- Pets and Animals»
- Cats & Cat Breeds
Funny Adventures in Cat Adoption, Part 13 - Pink Thread
Skeeter's Soulful Gaze
Stories of blending an abandoned yearling cat, Skeeter, into a staid two-cat family. Skeeter has enough gumption, energy, and personality to make every day a delightful adventure.
The Pink Thread
MyGuy and I were bustling around, getting ready to leave for a social event that would have us away from home for most of the day. As we circulated upstairs and down checking on doors locked, lights out, dry cat food placed in bowls, potluck food packed, and all those housekeeping details that seem important, Skeeter stood on the steps making strange noises. It didn’t quite look like the “bringing up a hairball” motions, nor did it look like pain, but he was wide-eyed and uncomfortable. Gagging? No, it couldn’t be because the possibility of one of our beloved cats being in danger is not permitted in my universe.
Nonetheless, gagging is what it was. Skeets was trying to get something out of his mouth very unsuccessfully. Then we saw it: the pink thread. One infinitesimal strand of sewing thread hung from his mouth and extended damply for ten feet into a junk pile on the floor. And, he was trying desperately to expel it from the back of his mouth.
I Think I should Buy This
Yarn and Thread
Sometimes I sew. As I do not have a room dedicated to this pursuit, I drag out my machine and some supplies when I have a project. (OK – some people would say I spread it all over the house. Probably a more accurate picture.) Of all the articles we hide from our curious rescue cat, Skeeter, a spool of thread never occurred to us. Before shaking your head in disbelief, know that none of the three cats ever seemed interested in playing with yarn. So, we thought we were home free on its close cousin, thread.
The Offending Object
Options Race through My Head in an Emergency
As we started comprehending the situation and seeing the possible emergency CAT-911 scenarios rip through our skulls, a pet advice article came to my mind. It conveyed a happy-ending story of a family with kids, dogs, cats, and not a whole lot of money. Therefore, when several of the children raced to their mom to report that a string was hanging out of their dog Fluffy’s back end, the mom internally brainstormed any way she could resolve the problem without needing to pay a veterinarian. Brave soul, she, Mom summoned the dog and grabbed a hold of the loose end of the protruding twine. Next, she asked her children to lead the dog away from her. As the dog disappeared, more and more string appeared until a soggy end signaled it was over. Their dog had no ill effects and mom washed her hands. Several times.
Strange how in a crisis, time slows down and such things can replay in one’s head. Simultaneously, I wondered will Skeeter start truly choking and suffocating? Will we pull, as did the mother in the preceding story, and have just a lot of damp thread come out of him? Or, will we realize that the spool is in his throat (I knew which thread and spool it was, and it was small enough for him to swallow) and we’d need to do Cat Heimlich Maneuver and Cat Tracheotomy with a paring knife, while racing him to the vet’s on a weekend? Again, the human brain is SO amazing in its capacity to consider all these things in the flash of an emergency.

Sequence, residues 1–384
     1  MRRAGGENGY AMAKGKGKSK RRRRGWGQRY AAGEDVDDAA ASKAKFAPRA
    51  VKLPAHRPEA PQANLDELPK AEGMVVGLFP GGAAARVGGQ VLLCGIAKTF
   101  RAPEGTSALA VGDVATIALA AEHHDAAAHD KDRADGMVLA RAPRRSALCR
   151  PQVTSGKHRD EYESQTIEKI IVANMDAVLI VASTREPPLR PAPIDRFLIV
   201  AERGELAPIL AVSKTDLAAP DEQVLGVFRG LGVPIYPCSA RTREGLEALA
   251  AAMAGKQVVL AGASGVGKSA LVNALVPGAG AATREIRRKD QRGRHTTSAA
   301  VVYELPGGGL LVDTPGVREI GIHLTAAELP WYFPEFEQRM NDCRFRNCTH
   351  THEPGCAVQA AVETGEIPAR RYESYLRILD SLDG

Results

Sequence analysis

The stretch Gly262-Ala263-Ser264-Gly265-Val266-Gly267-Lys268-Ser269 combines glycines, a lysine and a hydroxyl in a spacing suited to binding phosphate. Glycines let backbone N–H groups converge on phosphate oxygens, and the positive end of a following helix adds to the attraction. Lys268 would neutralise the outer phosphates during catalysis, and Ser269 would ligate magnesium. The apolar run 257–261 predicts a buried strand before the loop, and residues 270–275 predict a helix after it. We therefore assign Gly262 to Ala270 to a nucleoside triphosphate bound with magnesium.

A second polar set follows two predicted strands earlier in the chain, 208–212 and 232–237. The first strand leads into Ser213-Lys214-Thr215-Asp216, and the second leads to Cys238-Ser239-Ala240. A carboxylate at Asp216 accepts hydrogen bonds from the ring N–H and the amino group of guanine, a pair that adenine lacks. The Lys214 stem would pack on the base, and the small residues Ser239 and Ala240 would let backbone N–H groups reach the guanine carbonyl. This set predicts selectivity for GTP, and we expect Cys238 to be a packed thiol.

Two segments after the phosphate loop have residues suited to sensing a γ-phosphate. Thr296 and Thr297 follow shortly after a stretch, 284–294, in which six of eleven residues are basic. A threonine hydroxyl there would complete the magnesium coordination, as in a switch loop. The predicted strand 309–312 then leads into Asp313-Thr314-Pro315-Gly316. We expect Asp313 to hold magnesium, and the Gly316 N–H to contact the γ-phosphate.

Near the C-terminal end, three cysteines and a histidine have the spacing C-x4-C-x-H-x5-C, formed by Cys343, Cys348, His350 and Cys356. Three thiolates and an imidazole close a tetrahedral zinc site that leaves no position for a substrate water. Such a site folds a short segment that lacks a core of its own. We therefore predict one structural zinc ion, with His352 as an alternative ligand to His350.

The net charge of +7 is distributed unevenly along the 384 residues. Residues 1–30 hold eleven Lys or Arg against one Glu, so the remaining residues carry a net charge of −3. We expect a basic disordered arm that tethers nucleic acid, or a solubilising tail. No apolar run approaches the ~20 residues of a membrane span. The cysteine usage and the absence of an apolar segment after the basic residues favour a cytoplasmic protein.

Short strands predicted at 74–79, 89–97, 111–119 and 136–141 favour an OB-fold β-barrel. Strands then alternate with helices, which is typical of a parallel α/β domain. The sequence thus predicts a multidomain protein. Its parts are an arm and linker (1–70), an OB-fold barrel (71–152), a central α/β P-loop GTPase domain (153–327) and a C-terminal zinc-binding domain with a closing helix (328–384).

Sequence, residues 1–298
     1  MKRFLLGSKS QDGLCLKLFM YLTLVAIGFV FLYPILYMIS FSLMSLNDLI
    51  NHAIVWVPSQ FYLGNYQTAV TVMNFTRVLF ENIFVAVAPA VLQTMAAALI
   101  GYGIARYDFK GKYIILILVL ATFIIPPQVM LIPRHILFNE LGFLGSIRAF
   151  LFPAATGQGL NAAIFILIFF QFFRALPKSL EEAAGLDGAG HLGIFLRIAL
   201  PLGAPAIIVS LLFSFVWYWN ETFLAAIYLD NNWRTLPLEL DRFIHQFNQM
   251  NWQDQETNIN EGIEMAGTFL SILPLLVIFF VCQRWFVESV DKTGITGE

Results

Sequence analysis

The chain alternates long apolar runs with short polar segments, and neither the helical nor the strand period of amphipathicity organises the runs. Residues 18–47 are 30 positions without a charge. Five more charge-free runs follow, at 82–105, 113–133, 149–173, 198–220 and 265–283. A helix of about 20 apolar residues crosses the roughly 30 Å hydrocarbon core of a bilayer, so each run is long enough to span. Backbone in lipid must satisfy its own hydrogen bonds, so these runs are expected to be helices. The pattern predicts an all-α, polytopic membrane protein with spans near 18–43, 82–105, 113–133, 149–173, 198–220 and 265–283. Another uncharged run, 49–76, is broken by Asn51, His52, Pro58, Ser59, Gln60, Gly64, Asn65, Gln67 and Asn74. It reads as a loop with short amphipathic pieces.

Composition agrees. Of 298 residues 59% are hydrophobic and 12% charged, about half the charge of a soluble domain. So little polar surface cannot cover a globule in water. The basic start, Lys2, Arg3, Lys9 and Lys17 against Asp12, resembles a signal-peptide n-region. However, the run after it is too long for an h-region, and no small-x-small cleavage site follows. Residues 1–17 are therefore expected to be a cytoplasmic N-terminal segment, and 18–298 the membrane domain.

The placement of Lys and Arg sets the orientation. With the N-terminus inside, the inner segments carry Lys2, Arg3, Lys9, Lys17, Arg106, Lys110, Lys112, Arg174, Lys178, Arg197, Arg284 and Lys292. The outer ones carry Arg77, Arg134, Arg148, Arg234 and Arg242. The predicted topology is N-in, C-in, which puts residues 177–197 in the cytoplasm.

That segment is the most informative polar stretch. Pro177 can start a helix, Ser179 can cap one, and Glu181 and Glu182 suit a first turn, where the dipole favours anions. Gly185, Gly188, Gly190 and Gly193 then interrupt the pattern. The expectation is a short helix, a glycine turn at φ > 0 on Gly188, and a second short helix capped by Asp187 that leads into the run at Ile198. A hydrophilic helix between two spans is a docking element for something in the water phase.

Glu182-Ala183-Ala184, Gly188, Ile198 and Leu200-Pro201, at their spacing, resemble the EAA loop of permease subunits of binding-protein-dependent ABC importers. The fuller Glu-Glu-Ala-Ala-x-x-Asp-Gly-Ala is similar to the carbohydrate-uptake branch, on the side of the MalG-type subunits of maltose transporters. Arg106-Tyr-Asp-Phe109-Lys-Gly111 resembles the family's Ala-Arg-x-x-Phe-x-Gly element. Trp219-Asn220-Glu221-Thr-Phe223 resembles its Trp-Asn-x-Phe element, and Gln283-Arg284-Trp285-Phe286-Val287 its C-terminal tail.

What We Did
Fortunately, we also had a happy ending. While MyGuy petted and stroked Skeeter, I gently tugged at the thread coming from his mouth (thank you, Guardian Angels of Small Favors, that it wasn’t his hind end) until it was all out. I then followed the thread in the other direction and was able to retrieve the spool. Hallelujah! No tracheotomy!
This was a true “Phew!” moment of relief. Now, all our thread is counted, accounted for, and put away as carefully as sponges in surgery.
Why Bother? Answer: Love
Non-pet people and non-cat people may query why endure all this? Simple answer: Love. We love them and all three cats love us in their own way. All three cats like us, most of the time. The first two in the family definitely want to be near us. Particularly in the evenings, the Goddess and Sammy settle down in the same room as us. But the new guy, Skeeter, is a very affectionate people-comfortable little fellow. He is demonstrative. The love Skeeter gives us is heart nurturing. Whereas the Goddess and Sammy will position themselves about 2 to 7 feet away in the evenings mostly, Skeets looks for us and tries to be very near. If I am in one of the rooms of the house from which he is barred, he patiently waits on the floor just outside the closed door. When I open it, there he is, the ever faithful little buddy gazing up at me with expectant, soulful eyes. Yes, he tries to be near one of us much of the time he is awake (unless he must catch a stinkbug, chase his brother, sniff the outside air, or explore.) He has never adopted the disdainful cat-titude of not caring. On the contrary, Skeeter lets us hold him, and dance with him (ok, just I do that.) When he does manage to sneak into the off-limits bedroom, he hops onto the bed purring and snuggle. He even will give us a kiss.
That’s why we bother with all the rest of the adventure.
Photos and text copyright 2011 Maren E. Morgan